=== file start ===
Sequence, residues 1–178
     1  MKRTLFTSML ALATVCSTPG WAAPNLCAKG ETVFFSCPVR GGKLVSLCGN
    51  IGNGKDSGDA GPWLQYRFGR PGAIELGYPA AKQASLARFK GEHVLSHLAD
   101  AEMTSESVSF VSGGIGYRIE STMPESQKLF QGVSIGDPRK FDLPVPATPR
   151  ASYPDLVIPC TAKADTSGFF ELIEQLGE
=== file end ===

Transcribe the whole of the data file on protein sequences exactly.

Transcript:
Sequence, residues 1–178
     1  MKRTLFTSML ALATVCSTPG WAAPNLCAKG ETVFFSCPVR GGKLVSLCGN
    51  IGNGKDSGDA GPWLQYRFGR PGAIELGYPA AKQASLARFK GEHVLSHLAD
   101  AEMTSESVSF VSGGIGYRIE STMPESQKLF QGVSIGDPRK FDLPVPATPR
   151  ASYPDLVIPC TAKADTSGFF ELIEQLGE